This by no means is the panacea to all that ails us on the domestic and international terrorism front. However, it should serve as vital tool to our line officers in the trenches; just as his firearm and police car do. The understanding of this enemy we face should manifest in aggressive policing of seemingly innocuous incidents where the opportunity to disrupt and possibly prevent terrorist activities dwell.
Line officers will continue to come in contact with terrorists on our soil under “innocent” or suspicious circumstances every day. The mindset must be to dig deeper and to couple probable cause to arrest with an officers trusted sixth sense that “something is just not right here.”
It is during these contacts that terrorism can be effectively disrupted. The only requirement is that the officer believes his efforts are truly making a difference, even though the success attained may never be known.
If you encounter the sentiment that terrorism is world away, remember that it is your family we are all fighting for.
Det. Carlos R Salazar is a criminal investigator with the Broward County Sheriff's Office in Broward County, Florida; currently assigned to the Dania Beach District Criminal Investigations Unit. Det. Salazar is entering his 10th year with the Broward County Sheriff’s Office and has served in the capacity of Road Patrol, Narcotics Detective (Neighborhood Response Team) and currently as a Detective within the Criminal Investigation’s Division. He is a member of the Crisis Intervention Team (CIT) and has received numerous commendations, as well as Deputy of the Month Awards. He has been nominated numerous times for Deputy of the Year and was a recent nominee for Detective of The Year.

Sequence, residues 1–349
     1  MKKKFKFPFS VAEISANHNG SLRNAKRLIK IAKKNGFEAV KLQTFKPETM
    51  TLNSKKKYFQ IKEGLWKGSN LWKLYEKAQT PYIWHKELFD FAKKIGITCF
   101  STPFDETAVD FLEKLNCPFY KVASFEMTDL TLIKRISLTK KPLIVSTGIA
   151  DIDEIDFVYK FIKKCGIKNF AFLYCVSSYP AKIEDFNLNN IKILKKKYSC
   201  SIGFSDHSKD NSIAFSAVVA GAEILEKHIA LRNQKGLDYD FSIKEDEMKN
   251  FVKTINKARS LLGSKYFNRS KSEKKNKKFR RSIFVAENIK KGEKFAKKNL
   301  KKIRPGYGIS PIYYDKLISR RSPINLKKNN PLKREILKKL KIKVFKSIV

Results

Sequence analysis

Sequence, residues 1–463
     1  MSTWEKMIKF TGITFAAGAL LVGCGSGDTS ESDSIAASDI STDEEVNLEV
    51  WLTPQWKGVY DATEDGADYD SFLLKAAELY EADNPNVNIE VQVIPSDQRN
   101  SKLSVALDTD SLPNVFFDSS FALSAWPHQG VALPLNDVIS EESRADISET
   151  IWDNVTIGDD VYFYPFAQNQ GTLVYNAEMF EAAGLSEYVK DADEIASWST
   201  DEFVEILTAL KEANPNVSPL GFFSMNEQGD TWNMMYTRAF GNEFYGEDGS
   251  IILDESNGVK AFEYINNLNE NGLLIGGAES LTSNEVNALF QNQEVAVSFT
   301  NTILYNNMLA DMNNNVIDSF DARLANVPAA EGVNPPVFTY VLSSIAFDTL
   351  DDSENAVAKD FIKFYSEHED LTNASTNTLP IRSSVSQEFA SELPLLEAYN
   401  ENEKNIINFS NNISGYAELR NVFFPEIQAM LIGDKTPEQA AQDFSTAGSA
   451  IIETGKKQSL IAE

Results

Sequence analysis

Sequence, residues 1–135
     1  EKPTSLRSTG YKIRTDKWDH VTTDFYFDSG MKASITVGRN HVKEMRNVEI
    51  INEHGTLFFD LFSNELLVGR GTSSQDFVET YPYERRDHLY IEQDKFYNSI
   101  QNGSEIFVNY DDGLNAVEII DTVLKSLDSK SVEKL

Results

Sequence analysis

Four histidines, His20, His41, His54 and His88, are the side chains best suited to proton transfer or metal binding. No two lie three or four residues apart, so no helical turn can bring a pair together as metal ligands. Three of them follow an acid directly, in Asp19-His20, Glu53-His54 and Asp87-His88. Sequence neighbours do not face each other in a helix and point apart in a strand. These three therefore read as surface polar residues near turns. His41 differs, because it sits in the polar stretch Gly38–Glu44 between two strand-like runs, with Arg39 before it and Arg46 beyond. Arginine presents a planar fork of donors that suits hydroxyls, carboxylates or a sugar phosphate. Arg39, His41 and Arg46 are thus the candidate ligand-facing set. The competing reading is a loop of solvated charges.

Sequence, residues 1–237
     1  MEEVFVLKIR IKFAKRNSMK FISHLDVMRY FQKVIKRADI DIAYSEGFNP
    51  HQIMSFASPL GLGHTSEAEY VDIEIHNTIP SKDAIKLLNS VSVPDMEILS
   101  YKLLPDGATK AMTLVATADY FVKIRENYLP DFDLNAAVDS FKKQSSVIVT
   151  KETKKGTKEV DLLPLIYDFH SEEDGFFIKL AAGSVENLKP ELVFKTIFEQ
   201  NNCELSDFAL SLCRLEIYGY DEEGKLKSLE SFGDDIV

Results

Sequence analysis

He is the primary contributor to the Broward Sheriff’s Office Dania Beach District newsletter where he writes concerning a wide array of law enforcement issues that impact the community.
Det. Salazar pursued his higher education while employed full time with the Sheriff’s Office and holds an Associate in Arts Degree in Criminal Justice Administration from Miami Dade College. He graduated Magna Cum Laude from Florida International University (FIU) with a Bachelor of Science in Criminal Justice with specialization in Public Administration. He then continued his studies at FIU and achieved his Master of Science in Criminal Justice.
His interests are Counterterrorism, Islamo-Fascism, Domestic Terrorism, Middle East Conflict Implications, Homeland Security, Officer Safety, Constitutional Law / Legal Issues, Interviews / Interrogations, Tactical Issues, Media / Public Perception Issues, and Total Quality Management as applied to serving the community.
If asked what his greatest accomplishment to date has been, Det. Salazar will quickly tell you of his happiness in being a husband and coaching his three boys in football and baseball.